Graced with a multifaceted, charming lead perf by newcomer Marie Kremer as a compassionate 17-year-old in search of her mother and herself, "I Always Wanted to Be a Saint" is a deft blend of hard-knocks drama and the gentle, comedic angst of adolescence.
Graced with a multifaceted, charming lead perf by newcomer Marie Kremer as a compassionate 17-year-old in search of her mother and herself, “I Always Wanted to Be a Saint” is a deft blend of hard-knocks drama and the gentle, comedic angst of adolescence. Item is a worthy addition to fest slates and has strong potential in arthouse markets, where auds will appreciate an original, non-sensational spin on the peculiar challenges of these volatile years.
The product of a broken home, Norah (Kremer) lives with her father Jean-Michel (Thierry Lefevre) and fills her days in the city with volunteer work, reading to children and delivering groceries. Her urge to “set it right” springs from irrational guilt over the race car death of childhood hero Nico Marcuse, a charismatic driver.
Norah’s latest “project” is young Magali (Marie Nypels), whose indifferent and irresponsible mother Francoise (Raphaelle Blancherie) alternates between hostility and warmth. Like many girls her age, she has a male pal, Jeremie (Julien Collard), who may or may not be more than a friend.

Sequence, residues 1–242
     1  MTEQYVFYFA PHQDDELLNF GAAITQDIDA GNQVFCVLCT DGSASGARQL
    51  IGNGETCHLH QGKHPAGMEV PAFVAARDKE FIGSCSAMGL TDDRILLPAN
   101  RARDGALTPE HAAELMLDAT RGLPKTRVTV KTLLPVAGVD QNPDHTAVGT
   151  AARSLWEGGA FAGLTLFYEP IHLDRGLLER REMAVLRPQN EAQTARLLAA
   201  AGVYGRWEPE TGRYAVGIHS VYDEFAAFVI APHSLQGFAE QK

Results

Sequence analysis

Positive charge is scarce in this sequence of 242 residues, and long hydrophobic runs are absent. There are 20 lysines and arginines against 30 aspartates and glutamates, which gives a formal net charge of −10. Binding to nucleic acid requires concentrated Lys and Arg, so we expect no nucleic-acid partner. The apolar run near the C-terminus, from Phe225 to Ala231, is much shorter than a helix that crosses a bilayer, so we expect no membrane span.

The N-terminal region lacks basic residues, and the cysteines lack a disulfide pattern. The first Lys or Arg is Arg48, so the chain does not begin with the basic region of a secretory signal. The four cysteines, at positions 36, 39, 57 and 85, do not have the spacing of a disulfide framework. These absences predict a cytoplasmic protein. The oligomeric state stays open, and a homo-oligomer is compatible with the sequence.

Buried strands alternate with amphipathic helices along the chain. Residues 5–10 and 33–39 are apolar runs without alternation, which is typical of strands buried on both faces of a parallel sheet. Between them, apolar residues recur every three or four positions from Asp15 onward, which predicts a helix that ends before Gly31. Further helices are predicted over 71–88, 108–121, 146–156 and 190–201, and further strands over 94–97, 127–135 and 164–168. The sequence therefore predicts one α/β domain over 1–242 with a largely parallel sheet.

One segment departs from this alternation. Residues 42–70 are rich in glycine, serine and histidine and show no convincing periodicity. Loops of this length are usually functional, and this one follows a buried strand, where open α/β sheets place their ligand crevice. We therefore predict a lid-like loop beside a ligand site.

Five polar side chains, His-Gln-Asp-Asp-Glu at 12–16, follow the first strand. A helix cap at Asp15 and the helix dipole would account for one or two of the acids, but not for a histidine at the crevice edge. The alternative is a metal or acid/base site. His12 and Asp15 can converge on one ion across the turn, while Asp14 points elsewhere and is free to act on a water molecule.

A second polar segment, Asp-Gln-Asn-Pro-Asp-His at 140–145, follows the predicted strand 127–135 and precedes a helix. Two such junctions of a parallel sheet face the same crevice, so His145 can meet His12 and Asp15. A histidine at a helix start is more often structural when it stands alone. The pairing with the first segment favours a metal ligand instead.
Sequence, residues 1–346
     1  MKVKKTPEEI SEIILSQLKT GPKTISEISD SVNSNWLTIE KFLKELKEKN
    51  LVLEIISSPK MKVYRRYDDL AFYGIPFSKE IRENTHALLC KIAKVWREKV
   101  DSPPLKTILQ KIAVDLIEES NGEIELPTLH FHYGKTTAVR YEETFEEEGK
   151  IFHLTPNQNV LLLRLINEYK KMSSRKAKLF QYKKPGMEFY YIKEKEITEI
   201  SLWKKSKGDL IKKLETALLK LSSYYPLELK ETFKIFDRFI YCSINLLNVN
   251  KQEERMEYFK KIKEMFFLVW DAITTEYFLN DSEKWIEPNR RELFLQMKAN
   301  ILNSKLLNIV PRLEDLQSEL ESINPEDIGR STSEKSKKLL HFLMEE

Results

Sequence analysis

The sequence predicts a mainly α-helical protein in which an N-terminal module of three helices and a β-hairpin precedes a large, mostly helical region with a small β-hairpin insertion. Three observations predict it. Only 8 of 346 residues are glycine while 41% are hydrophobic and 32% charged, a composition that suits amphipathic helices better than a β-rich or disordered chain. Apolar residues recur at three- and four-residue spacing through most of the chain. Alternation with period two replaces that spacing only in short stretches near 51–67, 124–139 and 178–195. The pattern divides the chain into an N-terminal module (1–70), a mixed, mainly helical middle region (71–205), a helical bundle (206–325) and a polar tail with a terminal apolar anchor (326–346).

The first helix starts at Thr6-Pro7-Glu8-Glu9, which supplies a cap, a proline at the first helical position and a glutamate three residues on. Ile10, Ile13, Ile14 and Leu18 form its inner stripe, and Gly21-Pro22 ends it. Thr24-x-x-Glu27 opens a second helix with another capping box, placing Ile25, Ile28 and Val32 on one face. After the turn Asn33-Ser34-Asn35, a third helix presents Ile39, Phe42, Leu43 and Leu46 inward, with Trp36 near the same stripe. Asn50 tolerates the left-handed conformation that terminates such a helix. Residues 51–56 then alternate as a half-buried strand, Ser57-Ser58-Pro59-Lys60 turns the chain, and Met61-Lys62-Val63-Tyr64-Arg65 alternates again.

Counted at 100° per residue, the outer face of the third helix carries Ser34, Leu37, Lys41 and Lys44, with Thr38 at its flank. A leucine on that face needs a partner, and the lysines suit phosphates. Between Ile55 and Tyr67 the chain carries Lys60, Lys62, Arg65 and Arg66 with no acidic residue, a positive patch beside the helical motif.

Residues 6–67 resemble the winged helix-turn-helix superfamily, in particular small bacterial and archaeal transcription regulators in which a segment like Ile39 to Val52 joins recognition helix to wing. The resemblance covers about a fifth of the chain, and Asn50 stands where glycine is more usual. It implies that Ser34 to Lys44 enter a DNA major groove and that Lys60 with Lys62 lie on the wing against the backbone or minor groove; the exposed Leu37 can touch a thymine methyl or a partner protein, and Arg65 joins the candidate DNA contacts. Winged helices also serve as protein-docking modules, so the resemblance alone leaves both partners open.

When her maternal grandmother shows up unannounced from Portugal with an inheritance and the momentous news Norah’s mother is alive and living in Switzerland, the teenager’s precisely organized life begins to come unglued and builds toward the inevitable voyage of discovery that will lead to the next phase in her life.
In her feature-length debut following a clutch of shorts and docus, helmer Genevieve Mersch exhibits impressive control of the ambitious material, co-written with longtime collaborator Philippe Blasband (himself the writer of Frederic Fonteyne’s “An Affair of Love” and writer-director of impressive 2002 Montreal fest competish thriller “Step by Step”).
Though spread perilously thin at points (flashbacks to Norah’s childhood suck energy from the main story), narrative benefits enormously from Kremer’s confident turn as a girl on the verge of womanhood, whose good sense is often overwhelmed by emotions. (Actress turned 20 during production.)
The deliberately anticlimactic showdown between Norah and her mother is a modest triumph of script and pacing, symbolically settling her score with Nico while underlining the cold life lesson that sometimes there are no satisfactory answers to life’s important questions.
Tech credits are fluid, particularly the entirely forged Marcuse docu material, inspiration for which is life of revered Brazilian driver Ayrton Senna, killed during the Italian Grand Prix in 1994.